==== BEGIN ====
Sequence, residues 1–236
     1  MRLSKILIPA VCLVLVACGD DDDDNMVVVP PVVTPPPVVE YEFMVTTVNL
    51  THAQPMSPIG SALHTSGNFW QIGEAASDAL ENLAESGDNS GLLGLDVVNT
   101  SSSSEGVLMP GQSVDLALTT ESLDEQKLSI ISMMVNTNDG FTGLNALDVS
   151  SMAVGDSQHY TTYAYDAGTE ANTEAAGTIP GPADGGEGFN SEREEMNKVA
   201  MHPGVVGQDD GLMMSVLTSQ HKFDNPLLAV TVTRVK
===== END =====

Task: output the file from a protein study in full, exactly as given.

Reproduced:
Sequence, residues 1–236
     1  MRLSKILIPA VCLVLVACGD DDDDNMVVVP PVVTPPPVVE YEFMVTTVNL
    51  THAQPMSPIG SALHTSGNFW QIGEAASDAL ENLAESGDNS GLLGLDVVNT
   101  SSSSEGVLMP GQSVDLALTT ESLDEQKLSI ISMMVNTNDG FTGLNALDVS
   151  SMAVGDSQHY TTYAYDAGTE ANTEAAGTIP GPADGGEGFN SEREEMNKVA
   201  MHPGVVGQDD GLMMSVLTSQ HKFDNPLLAV TVTRVK